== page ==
Archive for: June 2012

Senior Prenup

A senior couple in their 80s was about to get married. She said, "I want to keep my house."

He said, "That's fine with me."

She said, "And I want to keep my Cadillac."

He said, "That's fine with me."

She said, "And I want to have sex six times a week."

He said, "That's fine with me. Put me down for Fridays."


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Going Solo…..

I didn't find any figures for Canada but the number of people choosing to live without a partner these days is skyrocketing globally -- from about 153 million in 1996 to 277 million in 2011 – an increase of around 80% in 15 years.1  That's an alarming rate. When you stop to think about it, you probably know as many single people as you do married/common-law couples.

According to Eric Klinenberg , New York University sociology professor and  author of Going Solo: The Extraordinary Rise and Surprising Appeal of Living Alone, he says there are a number of factors that are contributing towards this growing trend. But one of the main reasons is simply because we can afford to do it.

Technology and modernization has advanced exponentially since the second world war, and we don't have the same needs as a couple in the early 20th century. Automobiles, telephones,  the media and the Internet have all played a major role in a major shift of what was once considered a conventional family. In an article on the CBC website it says:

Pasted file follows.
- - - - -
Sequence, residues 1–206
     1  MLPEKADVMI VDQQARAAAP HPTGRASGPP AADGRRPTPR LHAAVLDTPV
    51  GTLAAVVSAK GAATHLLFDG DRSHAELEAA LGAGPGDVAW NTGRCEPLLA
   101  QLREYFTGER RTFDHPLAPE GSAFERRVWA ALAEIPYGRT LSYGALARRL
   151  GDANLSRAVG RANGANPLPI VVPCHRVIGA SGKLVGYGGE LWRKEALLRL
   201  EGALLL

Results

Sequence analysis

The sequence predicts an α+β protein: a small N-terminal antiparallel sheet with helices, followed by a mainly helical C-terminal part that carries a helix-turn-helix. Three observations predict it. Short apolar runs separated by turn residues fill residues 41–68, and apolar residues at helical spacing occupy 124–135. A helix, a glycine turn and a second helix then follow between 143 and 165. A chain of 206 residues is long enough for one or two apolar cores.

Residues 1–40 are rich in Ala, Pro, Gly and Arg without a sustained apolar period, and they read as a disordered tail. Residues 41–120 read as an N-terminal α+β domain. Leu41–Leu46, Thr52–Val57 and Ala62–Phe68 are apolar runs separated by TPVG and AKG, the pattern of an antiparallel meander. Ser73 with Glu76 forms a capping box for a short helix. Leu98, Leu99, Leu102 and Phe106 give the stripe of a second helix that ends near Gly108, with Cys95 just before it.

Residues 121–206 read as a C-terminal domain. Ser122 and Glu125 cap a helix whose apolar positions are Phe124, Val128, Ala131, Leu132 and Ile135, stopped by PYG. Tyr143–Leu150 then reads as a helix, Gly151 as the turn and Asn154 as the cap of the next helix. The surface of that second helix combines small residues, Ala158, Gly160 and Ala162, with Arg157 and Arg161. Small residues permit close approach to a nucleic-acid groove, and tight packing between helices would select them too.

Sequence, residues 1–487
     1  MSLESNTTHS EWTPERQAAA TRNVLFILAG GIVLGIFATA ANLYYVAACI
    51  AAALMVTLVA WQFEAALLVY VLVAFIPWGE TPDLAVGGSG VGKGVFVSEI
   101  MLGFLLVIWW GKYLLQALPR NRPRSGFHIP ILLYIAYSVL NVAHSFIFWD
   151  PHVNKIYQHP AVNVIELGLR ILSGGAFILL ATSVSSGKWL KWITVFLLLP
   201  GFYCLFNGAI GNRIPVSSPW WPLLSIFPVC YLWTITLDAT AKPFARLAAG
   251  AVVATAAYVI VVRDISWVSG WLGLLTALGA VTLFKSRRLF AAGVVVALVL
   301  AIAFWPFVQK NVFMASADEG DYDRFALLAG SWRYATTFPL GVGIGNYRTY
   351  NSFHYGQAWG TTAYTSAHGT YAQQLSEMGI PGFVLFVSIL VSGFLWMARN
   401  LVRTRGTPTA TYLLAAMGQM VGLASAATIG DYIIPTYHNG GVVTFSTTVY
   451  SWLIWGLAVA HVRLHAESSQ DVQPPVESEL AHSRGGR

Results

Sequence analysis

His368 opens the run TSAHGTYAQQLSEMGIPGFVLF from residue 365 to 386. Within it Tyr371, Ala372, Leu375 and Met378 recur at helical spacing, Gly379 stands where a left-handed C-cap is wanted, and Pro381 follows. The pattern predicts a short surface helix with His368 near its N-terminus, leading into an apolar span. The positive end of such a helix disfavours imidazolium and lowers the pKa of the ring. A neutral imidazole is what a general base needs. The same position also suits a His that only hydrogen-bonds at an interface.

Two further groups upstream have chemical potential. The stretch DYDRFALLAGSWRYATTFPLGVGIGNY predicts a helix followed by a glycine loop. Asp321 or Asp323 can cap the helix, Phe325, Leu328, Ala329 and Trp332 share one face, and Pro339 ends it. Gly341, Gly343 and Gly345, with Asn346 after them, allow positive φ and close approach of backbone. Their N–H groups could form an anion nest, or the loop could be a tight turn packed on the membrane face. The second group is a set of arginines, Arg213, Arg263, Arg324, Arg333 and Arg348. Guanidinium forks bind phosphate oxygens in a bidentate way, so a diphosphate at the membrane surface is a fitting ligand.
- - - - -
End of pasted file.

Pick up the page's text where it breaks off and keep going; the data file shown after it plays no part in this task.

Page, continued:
" Klinenberg shows, most solo dwellers are deeply engaged in social and civic life. In fact, compared with their married counterparts, they are more likely to eat out and exercise, go to art and music classes, attend public events and lectures, and volunteer. There's even evidence that people who live alone enjoy better mental health than unmarried people who live with others and have more environmentally sustainable lifestyles than families, since they favor urban apartments over large suburban homes..."2

There is a BIG difference in going it alone as to feeling alone. Watch the PBS interview below with Mr. Klinenberg as he discusses his book.

Becky Toyne, a frequent contributor to CBC Radio One and Open Book: Toronto had this to say:

"Going Solo is predominantly for middle-class, North American, downtown-dwelling singletons, and as a reader who fits squarely into that category, I did not close the book disappointed."3

With eye-opening statistics, original data, and vivid portraits of people who go solo, Klinenberg upends conventional wisdom to deliver the definitive take on how the rise of living alone is transforming the North American experience. GOING SOLO is a powerful and necessary assessment of an unprecedented social change.